Smith Micro touts MotionArtist as the answer for graphic novel and comic creators who want to create motion/interactive comics without coding. You upload your artwork from any of a number of common file types and export the animation in video formats that play well in HTML and YouTube. The latter is a boon for creators uploading motion comics on their own sites without the use of Flash or After Effects. See all: Software Downloads.
Importing original comic pages into MotionArtist from Adobe Photoshop was simple. PSD files come in layers, each with its own original layer name in the scene or flattened as a composite. Each layer is loaded in the time line with a default 30 frames per second. Vendor Smith Micro states that MotionArtist will also accept the following formats: AI (Adobe Illustrator), JPEG, PNG, and raw TIFF. Animators will recognize the timeline and some animation tools in the toolbar, but there are no drawing tools like those in Flash and Anime Studio. The emphasis is on rendering existing pages for video playback.
When MotionArtist opens up, the comic artist sees the familiar industry-standard 11-bv-17-inch artboard and a single panel with camera view attached. MotionArtist has two modes, Presentation and Advanced. Basic understanding of animation timing is useful but not required, given the default settings in Presentation mode. MotionArtist users will switch back and forth between the modes to refine camera movement and panel-to-panel focus. Having little animation experience, I found it tricky to align my own camera and panel paths properly for rendering. It's faster to import a PSD file, let Presentation mode create a camera path between the panels, and then edit it. The caveat is where the camera path starts and ends. In a few of my imported files with layers, the camera render would start on the last speech bubble. Adjustments in the time line and paths fixed this.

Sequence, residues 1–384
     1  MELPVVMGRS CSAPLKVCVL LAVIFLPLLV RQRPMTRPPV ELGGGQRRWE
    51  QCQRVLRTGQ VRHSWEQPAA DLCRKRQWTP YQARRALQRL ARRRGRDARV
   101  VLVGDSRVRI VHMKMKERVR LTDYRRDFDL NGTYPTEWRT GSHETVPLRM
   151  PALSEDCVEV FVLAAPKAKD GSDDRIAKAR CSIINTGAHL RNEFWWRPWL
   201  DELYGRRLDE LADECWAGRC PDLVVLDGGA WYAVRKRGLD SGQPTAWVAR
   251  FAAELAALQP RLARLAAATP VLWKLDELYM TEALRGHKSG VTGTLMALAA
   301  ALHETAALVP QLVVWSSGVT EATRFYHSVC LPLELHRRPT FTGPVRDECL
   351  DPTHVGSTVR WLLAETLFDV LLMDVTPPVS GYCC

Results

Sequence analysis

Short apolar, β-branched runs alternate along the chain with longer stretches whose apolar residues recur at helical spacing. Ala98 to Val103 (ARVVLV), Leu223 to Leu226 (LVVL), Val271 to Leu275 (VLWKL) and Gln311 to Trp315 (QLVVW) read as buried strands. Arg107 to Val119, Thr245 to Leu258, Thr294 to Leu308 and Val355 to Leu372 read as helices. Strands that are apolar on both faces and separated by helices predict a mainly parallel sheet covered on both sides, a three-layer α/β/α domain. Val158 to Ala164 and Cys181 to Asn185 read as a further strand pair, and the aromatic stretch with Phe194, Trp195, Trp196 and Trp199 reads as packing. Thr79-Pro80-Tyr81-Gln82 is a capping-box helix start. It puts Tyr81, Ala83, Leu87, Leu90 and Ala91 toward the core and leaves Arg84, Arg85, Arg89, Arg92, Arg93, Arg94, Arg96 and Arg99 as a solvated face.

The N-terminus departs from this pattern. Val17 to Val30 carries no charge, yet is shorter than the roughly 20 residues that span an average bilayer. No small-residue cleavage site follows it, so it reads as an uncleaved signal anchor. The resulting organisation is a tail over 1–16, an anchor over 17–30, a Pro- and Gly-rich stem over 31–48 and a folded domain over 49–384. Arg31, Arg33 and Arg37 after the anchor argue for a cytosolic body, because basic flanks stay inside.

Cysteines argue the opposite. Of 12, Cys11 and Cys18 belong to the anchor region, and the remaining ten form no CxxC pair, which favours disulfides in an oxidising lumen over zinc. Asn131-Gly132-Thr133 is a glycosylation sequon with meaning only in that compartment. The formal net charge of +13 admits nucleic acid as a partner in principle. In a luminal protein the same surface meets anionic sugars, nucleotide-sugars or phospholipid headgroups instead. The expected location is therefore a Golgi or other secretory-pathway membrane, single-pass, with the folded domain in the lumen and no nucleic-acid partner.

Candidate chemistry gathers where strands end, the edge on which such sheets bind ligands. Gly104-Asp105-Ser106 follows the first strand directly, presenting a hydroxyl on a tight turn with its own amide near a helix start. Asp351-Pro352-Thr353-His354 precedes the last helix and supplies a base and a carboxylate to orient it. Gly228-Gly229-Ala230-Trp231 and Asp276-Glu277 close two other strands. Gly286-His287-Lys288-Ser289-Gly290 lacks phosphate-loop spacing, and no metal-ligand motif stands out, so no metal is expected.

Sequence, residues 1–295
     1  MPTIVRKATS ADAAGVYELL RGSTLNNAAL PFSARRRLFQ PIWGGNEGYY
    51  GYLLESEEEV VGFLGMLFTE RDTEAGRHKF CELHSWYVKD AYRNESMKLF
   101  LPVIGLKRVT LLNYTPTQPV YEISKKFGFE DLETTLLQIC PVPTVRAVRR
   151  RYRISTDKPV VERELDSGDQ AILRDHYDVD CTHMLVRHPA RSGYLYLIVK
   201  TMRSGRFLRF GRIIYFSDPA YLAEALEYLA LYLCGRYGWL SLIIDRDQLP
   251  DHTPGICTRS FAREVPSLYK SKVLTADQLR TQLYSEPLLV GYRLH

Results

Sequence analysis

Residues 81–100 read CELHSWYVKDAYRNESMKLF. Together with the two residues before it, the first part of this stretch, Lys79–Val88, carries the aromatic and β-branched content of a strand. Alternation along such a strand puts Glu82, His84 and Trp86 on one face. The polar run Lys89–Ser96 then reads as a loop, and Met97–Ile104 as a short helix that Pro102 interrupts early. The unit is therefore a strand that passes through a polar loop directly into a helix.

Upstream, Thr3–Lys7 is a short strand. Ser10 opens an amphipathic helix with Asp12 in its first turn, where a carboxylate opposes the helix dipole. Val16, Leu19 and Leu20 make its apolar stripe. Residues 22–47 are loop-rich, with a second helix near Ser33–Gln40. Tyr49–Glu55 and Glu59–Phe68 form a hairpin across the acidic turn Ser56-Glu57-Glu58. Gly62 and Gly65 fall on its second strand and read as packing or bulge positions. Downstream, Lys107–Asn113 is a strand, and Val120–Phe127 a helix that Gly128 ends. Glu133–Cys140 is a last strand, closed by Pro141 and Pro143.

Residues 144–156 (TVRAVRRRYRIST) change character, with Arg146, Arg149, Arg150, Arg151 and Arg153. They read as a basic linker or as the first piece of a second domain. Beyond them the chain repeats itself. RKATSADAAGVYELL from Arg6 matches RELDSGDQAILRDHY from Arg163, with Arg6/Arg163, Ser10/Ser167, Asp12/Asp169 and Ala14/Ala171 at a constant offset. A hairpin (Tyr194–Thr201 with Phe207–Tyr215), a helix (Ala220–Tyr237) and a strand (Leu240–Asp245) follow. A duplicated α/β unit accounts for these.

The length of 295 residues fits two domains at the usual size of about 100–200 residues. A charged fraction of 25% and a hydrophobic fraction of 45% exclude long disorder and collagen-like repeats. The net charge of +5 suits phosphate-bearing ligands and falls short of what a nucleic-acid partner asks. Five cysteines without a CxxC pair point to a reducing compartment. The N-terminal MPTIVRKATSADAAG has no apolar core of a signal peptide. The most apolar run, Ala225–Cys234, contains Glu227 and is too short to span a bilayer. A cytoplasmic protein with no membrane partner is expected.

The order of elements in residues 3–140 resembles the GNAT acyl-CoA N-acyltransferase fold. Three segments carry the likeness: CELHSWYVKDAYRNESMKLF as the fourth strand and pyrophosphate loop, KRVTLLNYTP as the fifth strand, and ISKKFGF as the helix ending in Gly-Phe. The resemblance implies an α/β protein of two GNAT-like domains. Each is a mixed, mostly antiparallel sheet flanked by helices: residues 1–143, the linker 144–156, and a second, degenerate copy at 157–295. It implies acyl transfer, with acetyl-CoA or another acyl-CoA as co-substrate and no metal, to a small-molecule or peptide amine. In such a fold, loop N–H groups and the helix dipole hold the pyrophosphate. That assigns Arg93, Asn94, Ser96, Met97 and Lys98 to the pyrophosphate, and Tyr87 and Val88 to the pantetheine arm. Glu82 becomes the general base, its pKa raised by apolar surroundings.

MotionArtist includes a cool 3D parallax effect where layers in panel hover over the background as the camera moves around. You can resize layers within an imported file, which is handy for sound and environment effects. Speech bubbles, panels, and other text effects created in MotionArtist are vector graphics. These features lend themselves to fun animated effects like transparency, shaky camera movement, and rotation on the comic page. Exporting the finalized comic scene is a snap. From the File menu, select the Export Comic option and MotionArtist will render in the video format desired (either AVI or Quicktime). The Export HTML5 choice creates the HTML page all set to upload and share online.
If comic creators can put in time to get familiar with the animation controls, MotionArtist is the right tool to produce interactive comics. MotionArtist does well with a simple UI, Presentation mode and popular export file formats. Non-comic creators, like photographers, can use MotionArtist to generate interactive slideshows of their work. Whether it's creating a motion comic, an online teaser for an upcoming graphic novel or slideshow, MotionArtist allows creators to captivate readers and viewers with an engaging presentation.
The software will remain in free open beta until January 13, 2013. It will become a paid product in February 2013. The vendor promises a free copy to any beta tester who gives feedback resulting in improvements to the program.